Metro, which provided 15 million rides last year, has already planned on reductions and restructuring of several routes to save money. Changes to those lesser-used routes are expected to save about $500,000 a year.

“Unless we find additional funding, we’re facing significant deficits that could require major service reductions beginning in 2019,” Metro CEO Dwight A. Ferrell said when SORTA released its 2018 budget. “At the same time that we’re working aggressively … to improve service and get people to jobs, funding for our current system is not keeping pace with costs. The old model is broken, both in terms of service delivery and funding.” 

click to enlarge 2017 News Year in Review
Photo: Hailey Bollinger

FC Cincinnati Pitches to MLS — and to Local Taxpayers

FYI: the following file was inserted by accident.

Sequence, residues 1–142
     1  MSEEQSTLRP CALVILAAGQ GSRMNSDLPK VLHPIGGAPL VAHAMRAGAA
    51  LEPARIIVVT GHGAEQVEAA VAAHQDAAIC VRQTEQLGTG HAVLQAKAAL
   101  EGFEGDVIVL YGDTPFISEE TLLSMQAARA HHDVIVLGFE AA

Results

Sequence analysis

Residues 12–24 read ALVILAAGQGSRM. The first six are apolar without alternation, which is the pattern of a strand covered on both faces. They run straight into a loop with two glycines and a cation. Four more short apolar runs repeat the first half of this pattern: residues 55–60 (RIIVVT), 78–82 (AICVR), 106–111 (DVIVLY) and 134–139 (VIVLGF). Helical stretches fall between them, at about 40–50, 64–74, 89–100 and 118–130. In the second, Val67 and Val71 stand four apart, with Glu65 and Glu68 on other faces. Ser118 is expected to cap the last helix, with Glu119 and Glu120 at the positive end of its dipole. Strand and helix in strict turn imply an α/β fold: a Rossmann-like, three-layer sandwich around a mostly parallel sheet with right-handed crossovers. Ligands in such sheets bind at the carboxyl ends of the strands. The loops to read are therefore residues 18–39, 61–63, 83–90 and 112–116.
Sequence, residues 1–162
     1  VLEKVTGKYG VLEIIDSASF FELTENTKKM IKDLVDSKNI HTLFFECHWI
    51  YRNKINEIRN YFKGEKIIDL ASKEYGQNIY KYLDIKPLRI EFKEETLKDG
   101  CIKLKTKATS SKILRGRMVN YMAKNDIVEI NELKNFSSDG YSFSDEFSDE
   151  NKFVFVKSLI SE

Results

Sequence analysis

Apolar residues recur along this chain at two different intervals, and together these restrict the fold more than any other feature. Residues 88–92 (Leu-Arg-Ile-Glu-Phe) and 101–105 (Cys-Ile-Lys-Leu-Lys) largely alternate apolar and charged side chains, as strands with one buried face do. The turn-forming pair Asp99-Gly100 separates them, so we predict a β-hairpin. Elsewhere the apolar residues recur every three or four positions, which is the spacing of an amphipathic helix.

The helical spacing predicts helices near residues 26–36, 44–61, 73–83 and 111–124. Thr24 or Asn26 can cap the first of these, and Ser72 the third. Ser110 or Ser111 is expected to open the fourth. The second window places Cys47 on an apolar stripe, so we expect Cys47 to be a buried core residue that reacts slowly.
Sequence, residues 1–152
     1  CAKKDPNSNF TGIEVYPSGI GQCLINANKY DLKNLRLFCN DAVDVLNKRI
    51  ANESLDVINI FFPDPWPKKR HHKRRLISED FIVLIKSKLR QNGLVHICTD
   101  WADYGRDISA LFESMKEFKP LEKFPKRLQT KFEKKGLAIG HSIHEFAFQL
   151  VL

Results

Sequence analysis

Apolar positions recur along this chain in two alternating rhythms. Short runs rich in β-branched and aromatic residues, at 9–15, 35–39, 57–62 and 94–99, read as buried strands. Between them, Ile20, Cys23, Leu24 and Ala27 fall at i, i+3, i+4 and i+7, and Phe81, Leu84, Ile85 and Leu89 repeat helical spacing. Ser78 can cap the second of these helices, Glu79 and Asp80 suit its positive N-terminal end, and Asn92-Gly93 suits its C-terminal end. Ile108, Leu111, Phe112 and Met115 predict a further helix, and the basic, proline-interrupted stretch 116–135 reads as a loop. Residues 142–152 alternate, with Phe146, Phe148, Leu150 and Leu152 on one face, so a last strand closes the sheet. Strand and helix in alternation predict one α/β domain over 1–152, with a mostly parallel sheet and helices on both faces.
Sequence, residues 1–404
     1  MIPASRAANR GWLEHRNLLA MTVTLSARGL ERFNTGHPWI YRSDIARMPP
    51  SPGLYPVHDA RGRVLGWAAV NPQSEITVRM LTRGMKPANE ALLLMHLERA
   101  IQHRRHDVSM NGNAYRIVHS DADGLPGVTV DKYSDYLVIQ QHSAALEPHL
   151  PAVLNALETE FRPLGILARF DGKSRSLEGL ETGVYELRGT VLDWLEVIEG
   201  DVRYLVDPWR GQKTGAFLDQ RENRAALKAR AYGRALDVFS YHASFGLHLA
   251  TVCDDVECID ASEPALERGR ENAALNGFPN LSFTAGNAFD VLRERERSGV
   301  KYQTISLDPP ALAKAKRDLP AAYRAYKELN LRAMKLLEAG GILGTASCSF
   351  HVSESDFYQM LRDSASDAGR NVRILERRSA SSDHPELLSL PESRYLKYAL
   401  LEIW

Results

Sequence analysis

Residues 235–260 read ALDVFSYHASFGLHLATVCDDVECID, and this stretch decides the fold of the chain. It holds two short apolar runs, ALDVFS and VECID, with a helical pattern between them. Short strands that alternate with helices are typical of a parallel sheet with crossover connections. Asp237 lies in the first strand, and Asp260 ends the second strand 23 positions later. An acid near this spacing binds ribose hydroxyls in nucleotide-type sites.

The $200 million plan for a soccer stadium in Oakley funded entirely by FC Cincinnati is out. The team’s request for $75 million in infrastructure help from the city of Cincinnati and Hamilton County and lower counter-proposals from both governments are in. 

But the fight over another major stadium in Cincinnati is far from over. Should FC Cincinnati win its bid to Major League Soccer for an expansion franchise — something that seems imminently possible after the team presented to the MLS earlier this month — a number of issues may need to be decided by the incoming Cincinnati City Council.

And there are other unanswered questions. The team could still select a location in the West End instead of Oakley, or even leave the city entirely and cross the river for Newport. And will the Greater Cincinnati Redevelopment Authority strike a deal with municipal officials and the team on the stadium? It all remains to be seen.